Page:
Transformers: Dark of the Moon improves upon the listless second installment and tries hard to weave fictional history into factual history. It’s fun stuff and while director Bay still asks his audiences for a lot of passes, he earns the right to ask for such forgiveness by solidly delivering the action goods. Watching this again in 3D I’ll admit to being exhausted by the time the credits rolled, but the film was perfect escapism after a long work-week.


Overall (Not an average)

4/5


Neil Middlemiss

Kernersville, NC

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#2 of 5 Dick

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Posted May 14 2012 - 05:57 AM

You feel bad for Michael Bay? He's probably one of the wealthiest filmmakers alive, and he became so without a modicum of interest in good screenwriting or editing or story structure. Oh, yes, he's great with explosions and chases and dumb-ass sci-fi effects, but none of his films has a heart (and I include the schmaltzy PEARL HARBOR and the fabricated death sequence in ARMAGEDDON), and yet this man, full of crudeness and arrogance, thinks he's God's gift to the cinema (have you heard him in interviews?). Unfortunately, every one of his insufferable films makes a ton of money. He needs to be taken down a big-g-g notch with a few consecutive failures. So, OK, I've pissed off Bay fans, and this topic has been done to death, but I had to respond to that opening line of the initial post.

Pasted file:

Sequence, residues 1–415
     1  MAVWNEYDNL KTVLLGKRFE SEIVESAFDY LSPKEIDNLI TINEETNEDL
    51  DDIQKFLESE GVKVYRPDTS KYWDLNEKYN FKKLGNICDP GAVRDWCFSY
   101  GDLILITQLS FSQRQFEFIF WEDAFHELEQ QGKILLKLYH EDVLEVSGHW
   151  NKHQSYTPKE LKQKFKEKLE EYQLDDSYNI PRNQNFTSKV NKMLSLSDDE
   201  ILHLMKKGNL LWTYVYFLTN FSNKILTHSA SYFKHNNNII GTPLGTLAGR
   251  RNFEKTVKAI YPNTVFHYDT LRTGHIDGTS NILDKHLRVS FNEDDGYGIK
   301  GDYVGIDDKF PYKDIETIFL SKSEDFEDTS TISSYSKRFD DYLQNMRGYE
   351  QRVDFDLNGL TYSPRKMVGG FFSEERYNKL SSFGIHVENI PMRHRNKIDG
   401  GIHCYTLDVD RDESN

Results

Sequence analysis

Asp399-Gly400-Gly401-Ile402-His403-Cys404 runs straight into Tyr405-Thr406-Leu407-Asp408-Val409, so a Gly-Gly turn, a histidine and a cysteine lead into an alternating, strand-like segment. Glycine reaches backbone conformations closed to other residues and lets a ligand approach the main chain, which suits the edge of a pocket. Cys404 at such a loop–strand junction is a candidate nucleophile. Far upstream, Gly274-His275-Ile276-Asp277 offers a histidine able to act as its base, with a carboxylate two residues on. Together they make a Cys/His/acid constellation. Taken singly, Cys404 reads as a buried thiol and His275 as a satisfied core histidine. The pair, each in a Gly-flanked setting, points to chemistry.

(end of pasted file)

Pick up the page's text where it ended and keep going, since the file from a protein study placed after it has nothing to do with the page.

#3 of 5 Neil Middlemiss

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Posted May 14 2012 - 06:20 AM

Originally Posted by Dick 

You feel bad for Michael Bay? He's probably one of the wealthiest filmmakers alive, and he became so without a modicum of interest in good screenwriting or editing or story structure. Oh, yes, he's great with explosions and chases and dumb-ass sci-fi effects, but none of his films has a heart (and I include the schmaltzy PEARL HARBOR and the fabricated death sequence in ARMAGEDDON), and yet this man, full of crudeness and arrogance, thinks he's God's gift to the cinema (have you heard him in interviews?). Unfortunately, every one of his insufferable films makes a ton of money. He needs to be taken down a big-g-g notch with a few consecutive failures.
So, OK, I've pissed off Bay fans, and this topic has been done to death, but I had to respond to that opening line of the initial post.